Now you will notice that we do this inside of a list item and this is going to dynamically build a list for us. You could do this inside of a table, it would dynamically build table rows for you, or you could even do this inside of form elements. So if you had a pull down menu or combo box so it would go ahead and populate that for you. Switch back to Design View and we notice in Design View we actually have a little highlight that says xsl: for each, indicating to us that we do have some repeating regions on the page. I am going to save this and we will test this in our browser. Now not only do we see all four shows but notice the paintings for each of the shows is repeating as well. So there is our nested repeating region.
Our XSLT is doing exactly what we are asking it to do at this point. We are saying take this information from this XML file or any XML file you are attached to and display it on the page in this fashion. So we are formatting heading tags and paragraph tags and image tags, but it's still pretty raw, there is not a whole lot going on here and one of the things that we can do to our XSL documents is actually bring in cascading style sheets to help with the formatting process. Now there are a lot of pros and cons to doing that. There is a lot of debate about whether CSS should be used with XSL or in conjunction with it, or whether we should use something else called XSL Formatting Objects.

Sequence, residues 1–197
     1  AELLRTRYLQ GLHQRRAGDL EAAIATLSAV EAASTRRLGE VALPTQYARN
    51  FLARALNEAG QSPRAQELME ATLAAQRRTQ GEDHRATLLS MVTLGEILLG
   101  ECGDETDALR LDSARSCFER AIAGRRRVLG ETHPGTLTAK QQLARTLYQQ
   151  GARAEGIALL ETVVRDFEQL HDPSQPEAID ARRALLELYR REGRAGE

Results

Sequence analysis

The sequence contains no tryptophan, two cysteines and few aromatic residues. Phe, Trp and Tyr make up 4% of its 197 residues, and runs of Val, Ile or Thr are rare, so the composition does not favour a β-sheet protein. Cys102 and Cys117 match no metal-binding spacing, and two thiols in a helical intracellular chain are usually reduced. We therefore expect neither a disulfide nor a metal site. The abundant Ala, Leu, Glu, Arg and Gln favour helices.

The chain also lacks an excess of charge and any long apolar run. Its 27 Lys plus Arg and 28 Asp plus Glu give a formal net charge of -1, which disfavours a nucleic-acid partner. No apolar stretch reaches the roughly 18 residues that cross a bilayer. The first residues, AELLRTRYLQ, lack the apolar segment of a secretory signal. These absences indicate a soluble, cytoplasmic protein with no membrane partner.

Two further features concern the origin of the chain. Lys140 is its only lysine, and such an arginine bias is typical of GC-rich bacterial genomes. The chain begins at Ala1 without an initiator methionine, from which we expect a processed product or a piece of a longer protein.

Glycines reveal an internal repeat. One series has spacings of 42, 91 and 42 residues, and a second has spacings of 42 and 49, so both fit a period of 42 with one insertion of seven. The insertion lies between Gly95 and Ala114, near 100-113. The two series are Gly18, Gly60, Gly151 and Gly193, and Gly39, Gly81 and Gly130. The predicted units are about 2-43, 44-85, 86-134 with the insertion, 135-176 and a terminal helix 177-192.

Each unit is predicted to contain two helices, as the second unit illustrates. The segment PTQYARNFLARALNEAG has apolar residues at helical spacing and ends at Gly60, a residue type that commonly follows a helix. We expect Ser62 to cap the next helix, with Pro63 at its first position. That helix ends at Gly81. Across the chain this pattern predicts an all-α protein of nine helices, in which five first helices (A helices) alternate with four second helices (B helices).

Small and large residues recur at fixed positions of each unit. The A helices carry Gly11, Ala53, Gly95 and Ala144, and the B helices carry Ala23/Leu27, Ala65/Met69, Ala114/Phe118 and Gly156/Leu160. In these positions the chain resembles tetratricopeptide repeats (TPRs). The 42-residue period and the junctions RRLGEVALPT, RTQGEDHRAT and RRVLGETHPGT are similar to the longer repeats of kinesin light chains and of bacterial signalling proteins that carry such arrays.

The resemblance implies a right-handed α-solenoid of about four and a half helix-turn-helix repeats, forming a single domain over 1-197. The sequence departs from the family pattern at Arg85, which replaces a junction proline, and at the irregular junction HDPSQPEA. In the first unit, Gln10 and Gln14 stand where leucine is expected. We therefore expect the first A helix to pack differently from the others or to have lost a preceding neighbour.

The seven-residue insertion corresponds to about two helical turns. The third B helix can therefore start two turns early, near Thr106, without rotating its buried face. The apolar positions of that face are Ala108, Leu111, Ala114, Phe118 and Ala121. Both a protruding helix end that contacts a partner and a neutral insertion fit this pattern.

I am of the opinion that for generating XHTML the cascading style sheets is the best form for formatting that visually. So what we are going to do is we are just going to attach a style sheet and we do this the same way that you would attach style sheet in an XHTML page. So I am going to go to my CSS Styles panel I will click on the All button and I am going to select the Attach Style Sheet icon. Now I am just going to browse. So we are going to go in our Exercise Files and we are going to select our CSS folder and the CSS we are looking for is the simple_xml.css. Click Choose, we will make sure we have a link, click OK and immediately everything on our page formats.
So I am going to save this again, preview this on my browser and we have dramatically affected our XSL transformation. So our XML is looking a lot more like what we expected at the beginning of our exercise. So we are going to quit Firefox. Now if you notice that while we were previewing that in the browser we kept previewing a temp file. So we weren't looking at an actual XSL transformation, we were looking at a preview of what the transformation would do. In our next exercise, we will see how we can actually perform an XSLT transfer on the client side.